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I loved your commments, Susan. However, some of us "oldsters" have that same
> enthusiasm since we are "young at birding". I have been saddened to discover
> like-aged peers prefer dry comments like, "Yea, I've seen it before." when
> trying to share the joy of a new discovery. Worse yet,  is to be treated as
> a totally ignorant person without any  knowledge (even though new to birding
> or a birding area) and be told, "Stay back!" or "Move! I/we need to identify
> that bird!".  The man that intoduced this wonderful life experience (giving
> me a 'friend' I can keep with me at all times) taught me to share, open up -
> and re-enforce why a bird is what I identifided it as:  name the field
> marks, flight pattern, call, habitat, etc. He always offered a bit of
> helpful or beneficial knowledge about a species that helped me to identify
> it later when I was on my own.  He was always there to help birders of all
> "birding ages" receive the knowledge they needed to grow.  I'm sure my
> mentors (some of the finest birders in the country,  some contributing
> editors to top birding guides, some devoted lovers of sharing birding
> knowledge) knew what they were doing when they taught me to keep some rare
> "bird treasures" to myself  because not all other birders appreciate birds
> in the way I've been taught to. . . . and that no one person "knows it all".
> As a "1-yr old birder", I convinced a leading authority in this country to
> change his ID on a very important species find; I have been able to ID many
> of the 'first of the season' and several 'first in the area' for Texas
> coasts. I don't think I'm special or an expert but many of these were found
> because I see birding with the eyes of a 'young un' and don't know I can't
> find species where the books say. I've learned some birds have not read the
> books so don't know boundries, but most people have read the books and frame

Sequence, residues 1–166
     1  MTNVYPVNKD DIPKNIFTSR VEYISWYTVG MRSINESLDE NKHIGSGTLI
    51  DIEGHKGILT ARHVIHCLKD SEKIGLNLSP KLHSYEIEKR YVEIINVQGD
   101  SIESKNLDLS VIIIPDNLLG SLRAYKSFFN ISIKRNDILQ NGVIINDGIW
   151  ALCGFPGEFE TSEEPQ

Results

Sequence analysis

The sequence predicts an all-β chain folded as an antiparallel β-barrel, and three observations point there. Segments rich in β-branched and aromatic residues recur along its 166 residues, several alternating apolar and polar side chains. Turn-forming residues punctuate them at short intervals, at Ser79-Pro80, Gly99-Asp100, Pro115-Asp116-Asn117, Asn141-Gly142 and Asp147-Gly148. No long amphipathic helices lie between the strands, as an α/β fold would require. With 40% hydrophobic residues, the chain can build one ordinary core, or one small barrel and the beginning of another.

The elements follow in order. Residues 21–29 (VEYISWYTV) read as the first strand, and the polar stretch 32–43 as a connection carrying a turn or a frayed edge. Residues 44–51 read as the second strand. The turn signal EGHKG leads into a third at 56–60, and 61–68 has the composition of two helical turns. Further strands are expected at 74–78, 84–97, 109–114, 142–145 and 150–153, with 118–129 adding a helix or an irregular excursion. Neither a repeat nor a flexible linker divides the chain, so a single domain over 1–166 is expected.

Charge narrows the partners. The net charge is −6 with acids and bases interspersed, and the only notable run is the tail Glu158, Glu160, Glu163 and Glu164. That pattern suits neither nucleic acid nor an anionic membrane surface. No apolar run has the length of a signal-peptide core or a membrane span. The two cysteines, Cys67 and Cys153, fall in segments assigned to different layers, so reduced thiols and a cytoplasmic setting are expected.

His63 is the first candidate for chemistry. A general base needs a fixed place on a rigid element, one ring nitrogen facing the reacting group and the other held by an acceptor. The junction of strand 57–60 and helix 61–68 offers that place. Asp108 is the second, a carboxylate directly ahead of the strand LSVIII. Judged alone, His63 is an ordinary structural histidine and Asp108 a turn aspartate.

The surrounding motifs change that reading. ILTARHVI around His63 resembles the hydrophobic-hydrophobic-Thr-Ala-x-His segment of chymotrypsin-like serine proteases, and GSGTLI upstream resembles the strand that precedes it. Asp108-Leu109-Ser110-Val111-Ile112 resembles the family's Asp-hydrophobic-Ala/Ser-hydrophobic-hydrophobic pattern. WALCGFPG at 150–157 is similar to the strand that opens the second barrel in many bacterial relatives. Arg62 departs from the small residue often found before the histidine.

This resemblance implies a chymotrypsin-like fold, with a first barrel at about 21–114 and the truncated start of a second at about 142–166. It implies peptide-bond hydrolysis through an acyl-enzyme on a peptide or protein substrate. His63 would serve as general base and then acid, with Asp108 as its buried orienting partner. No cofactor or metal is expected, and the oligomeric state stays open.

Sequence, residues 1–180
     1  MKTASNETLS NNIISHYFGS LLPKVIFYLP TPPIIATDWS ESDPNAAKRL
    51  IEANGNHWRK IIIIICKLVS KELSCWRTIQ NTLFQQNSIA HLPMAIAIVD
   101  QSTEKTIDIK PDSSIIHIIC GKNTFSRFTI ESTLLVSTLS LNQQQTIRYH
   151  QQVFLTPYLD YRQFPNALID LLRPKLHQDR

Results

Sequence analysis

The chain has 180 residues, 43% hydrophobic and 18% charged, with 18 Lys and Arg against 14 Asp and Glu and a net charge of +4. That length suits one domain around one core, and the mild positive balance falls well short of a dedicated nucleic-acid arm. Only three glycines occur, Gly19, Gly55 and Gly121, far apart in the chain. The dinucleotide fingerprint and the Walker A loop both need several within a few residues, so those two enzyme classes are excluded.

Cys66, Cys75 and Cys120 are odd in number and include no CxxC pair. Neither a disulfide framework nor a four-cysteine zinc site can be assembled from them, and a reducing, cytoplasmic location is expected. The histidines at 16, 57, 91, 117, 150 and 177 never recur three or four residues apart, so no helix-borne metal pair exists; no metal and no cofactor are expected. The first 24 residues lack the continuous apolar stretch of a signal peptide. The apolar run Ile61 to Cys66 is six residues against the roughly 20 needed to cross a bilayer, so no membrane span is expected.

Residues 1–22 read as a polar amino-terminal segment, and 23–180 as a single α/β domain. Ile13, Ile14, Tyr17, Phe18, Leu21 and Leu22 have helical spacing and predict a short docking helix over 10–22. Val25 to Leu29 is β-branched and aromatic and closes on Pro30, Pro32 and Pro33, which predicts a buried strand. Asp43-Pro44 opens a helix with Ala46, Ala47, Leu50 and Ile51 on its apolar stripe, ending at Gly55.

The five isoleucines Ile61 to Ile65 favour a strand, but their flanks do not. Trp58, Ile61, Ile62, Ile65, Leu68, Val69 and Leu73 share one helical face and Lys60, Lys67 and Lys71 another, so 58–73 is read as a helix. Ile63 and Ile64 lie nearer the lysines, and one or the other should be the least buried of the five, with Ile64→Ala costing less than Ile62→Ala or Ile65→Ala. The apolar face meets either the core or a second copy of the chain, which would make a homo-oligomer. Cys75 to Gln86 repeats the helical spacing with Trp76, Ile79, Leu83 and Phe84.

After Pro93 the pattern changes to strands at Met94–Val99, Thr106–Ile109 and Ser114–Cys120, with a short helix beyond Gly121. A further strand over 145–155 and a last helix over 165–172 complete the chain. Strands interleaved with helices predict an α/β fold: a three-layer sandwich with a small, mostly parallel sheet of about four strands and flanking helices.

> themselves in. We all have something to offer and lots to learn - it is such
> a shame that only the age-young are given the patience, admiration and
> encouragement that many age-old people need for the only joy they may have
> in their lives. One of the reasons I love birding so much is because I can
> see the value it offers to anyone, anytime, anywhere at any age. I see that
> what I have learned has now been passed on to my grandchildren (all which
> can start naming species by age 1).  I share that with them because I love
> to see them discover something new, and because they appreciate with awe
> what I am so excited about discovering myself. It is because I wish so much
> I had learned of "birding" when I was young and could have seen so many more
> species than I will ever get to now.  I share it while with my mother as she
> fights her long cancer battle. I am able to point out birds she has always
> had in her yard but has never seen before, and yet she is the one that has
> always had the love of birds and I just came into it. I've learned that
> little ones share my excitement and have joy for me because of a new
> discovery I've found for myself. I'm learning that some of the most
> beautiful and special birds are in the most ugly places man creates a mess
> of: Sora and it's young, Louisiana Waterthrush visiting at length with a
> Common Yellowthroat on a barbed-wire fence, Orange-crowned Warbler,
> Baltimore Oriole, Warbling Vireo, 200 Scissor-tailed Flycatchers roosting
> each night, a Prairie Falcon and on and on. Where? In a weedy 20' x 40'
> patch of discharge water in a nasty camper park I stayed at in Carthage, MO
> 2 yrs ago (as a brand-new birder). I am still seeing "lifers" (as some in
> the birding world call them) every season of every year and my heart does a
> dance and my thanks always goes heavenward. I am so thankful  for the sight
> and mobility that I do have and for being given such an opportunity to enjoy
> such treasures - and I always wish there could be someone else to see it and
> share the precious sighting  with whether it is a "first" or "fiftieth"
> time. Today was one of those days as I observed a male Common Yellowthroat, an Ovenbird, and a White-crowned Sparrow all sitting in a small, tight  group in a tree here on the farm. My breath is taken away and I wonder how many others have seen such a wild and wonderful combo of birds in their own back yard!
> 
> I appreciate your comments, Susan, for all the truth they hold . . . . I
> just think that same truth bleeds over to all ages, even some of us
> "oldsters"!
> 
> Regards,
> 
> Cathie Foster


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